Born and raised in Queens, just outside of New York City, my high school education consisted mostly of hopping the subway into the city to explore New Wave cinema, off Broadway theater, and Greenwich Village; not one wasted moment.
After college at Tufts University with majors in English and Philosophy, I stayed in Cambridge and was one of the original authors of Our Bodies, Ourselves. I supported myself in an odd mix of jobs: writing training manuals for incoming employees at Filene’s Department store; restringing and tuning pianos, and at Medfield State Mental Hospital, working with chronic schizophrenics who were slated, after more than twenty five years of incarceration, to be released into the community. Although the program failed, I learned how to listen deeply to others who were struggling to find their voice.
I left the East Coast and moved to Santa Cruz, California in 1970, and right on target for my generation, I joined a spiritual community and fell under the spell of a guru. I might have considered these wasted years, except for the fact that even with a head cold now I can smell a phony guru three city blocks away; it’s also where I met my future husband Richard.
We moved to Maui and stayed for three years; our daughter Sasha was born there. When we moved to Santa Fe in 1990, I started a marketing and event production company. Sasha was six-years-old, I was fifty. It wasn’t that I wanted to wait that long to have a child; it was the result of a series of miscarriages over several years. The experience of being an older first-time mother became the basis for my research and subject of my next book, Hot Flashes, Warm Bottles: First-Time Mothers Over Forty. Talk about exhausted.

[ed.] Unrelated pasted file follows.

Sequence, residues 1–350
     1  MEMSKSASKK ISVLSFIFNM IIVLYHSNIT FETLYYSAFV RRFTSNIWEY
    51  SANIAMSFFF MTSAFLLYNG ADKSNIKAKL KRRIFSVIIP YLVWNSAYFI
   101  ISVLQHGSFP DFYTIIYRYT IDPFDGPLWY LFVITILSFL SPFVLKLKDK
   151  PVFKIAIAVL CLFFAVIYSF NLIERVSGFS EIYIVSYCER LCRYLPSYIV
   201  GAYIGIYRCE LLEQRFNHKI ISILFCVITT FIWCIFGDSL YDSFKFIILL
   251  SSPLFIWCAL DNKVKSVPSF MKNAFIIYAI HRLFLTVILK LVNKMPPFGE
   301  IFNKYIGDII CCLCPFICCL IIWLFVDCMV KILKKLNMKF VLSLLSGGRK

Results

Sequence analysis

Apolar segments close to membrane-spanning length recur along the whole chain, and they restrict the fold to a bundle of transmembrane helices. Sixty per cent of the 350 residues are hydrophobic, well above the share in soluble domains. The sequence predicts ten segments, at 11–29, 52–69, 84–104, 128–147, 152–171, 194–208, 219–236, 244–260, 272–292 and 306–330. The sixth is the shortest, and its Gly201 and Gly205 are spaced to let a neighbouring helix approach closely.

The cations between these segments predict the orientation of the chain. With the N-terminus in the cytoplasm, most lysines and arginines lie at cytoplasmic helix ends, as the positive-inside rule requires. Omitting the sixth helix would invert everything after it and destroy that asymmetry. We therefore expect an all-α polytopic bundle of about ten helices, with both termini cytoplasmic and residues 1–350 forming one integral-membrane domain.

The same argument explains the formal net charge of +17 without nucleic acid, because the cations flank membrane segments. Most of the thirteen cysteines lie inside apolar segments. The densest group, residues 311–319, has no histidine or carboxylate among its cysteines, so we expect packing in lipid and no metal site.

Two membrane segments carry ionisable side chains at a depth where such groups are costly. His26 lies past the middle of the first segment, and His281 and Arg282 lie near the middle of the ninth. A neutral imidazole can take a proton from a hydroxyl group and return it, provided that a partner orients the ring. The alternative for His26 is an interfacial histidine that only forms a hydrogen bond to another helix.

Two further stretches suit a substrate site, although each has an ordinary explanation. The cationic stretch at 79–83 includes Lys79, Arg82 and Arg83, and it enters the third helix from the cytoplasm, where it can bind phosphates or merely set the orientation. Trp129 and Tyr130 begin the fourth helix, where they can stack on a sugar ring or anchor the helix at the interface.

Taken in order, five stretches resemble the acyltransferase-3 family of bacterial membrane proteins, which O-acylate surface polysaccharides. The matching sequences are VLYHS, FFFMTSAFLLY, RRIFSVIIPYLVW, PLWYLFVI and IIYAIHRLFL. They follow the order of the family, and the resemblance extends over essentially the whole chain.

For reasons I couldn’t explain, my heart began tugging towards hospice work, which meant going back to school for a Master’s degree in social work, the oldest student in my class. For the next ten years I had the great honor of sitting with the dying and their families and letting grief, theirs and mine, become a welcomed, familiar companion.
I’ve been co-facilitating week long writing retreats on Grief, Loss, Uncertainty and Change with Laura Davis, author of The Courage to Heal, for the last three years. At home, I offer one-day writing workshops for women on Embracing the Shadow, as well as ongoing small writing groups. I have a private practice specializing in grief support, work that is close to my heart.
Life is full. Life is good. Sasha lives in Australia with her Aussie husband Rhys, and runs a successful organic farm. Richard and I celebrated our thirtieth anniversary. These times are what the I Ching call The Darkening of the Light, a time when we are called to hold fast to the vision of peace and justice while nurturing the flame of love within. Shine on.